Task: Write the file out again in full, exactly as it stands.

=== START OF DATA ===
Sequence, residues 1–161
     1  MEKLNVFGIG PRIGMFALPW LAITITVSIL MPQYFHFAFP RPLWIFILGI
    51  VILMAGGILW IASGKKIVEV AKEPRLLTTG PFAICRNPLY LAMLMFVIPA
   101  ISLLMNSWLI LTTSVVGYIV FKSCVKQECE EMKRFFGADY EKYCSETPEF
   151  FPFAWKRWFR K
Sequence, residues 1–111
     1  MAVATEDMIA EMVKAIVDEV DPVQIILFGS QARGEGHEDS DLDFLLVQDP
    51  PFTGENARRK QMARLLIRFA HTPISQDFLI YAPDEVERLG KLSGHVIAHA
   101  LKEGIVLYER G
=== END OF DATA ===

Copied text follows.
Sequence, residues 1–161
     1  MEKLNVFGIG PRIGMFALPW LAITITVSIL MPQYFHFAFP RPLWIFILGI
    51  VILMAGGILW IASGKKIVEV AKEPRLLTTG PFAICRNPLY LAMLMFVIPA
   101  ISLLMNSWLI LTTSVVGYIV FKSCVKQECE EMKRFFGADY EKYCSETPEF
   151  FPFAWKRWFR K
Sequence, residues 1–111
     1  MAVATEDMIA EMVKAIVDEV DPVQIILFGS QARGEGHEDS DLDFLLVQDP
    51  PFTGENARRK QMARLLIRFA HTPISQDFLI YAPDEVERLG KLSGHVIAHA
   101  LKEGIVLYER G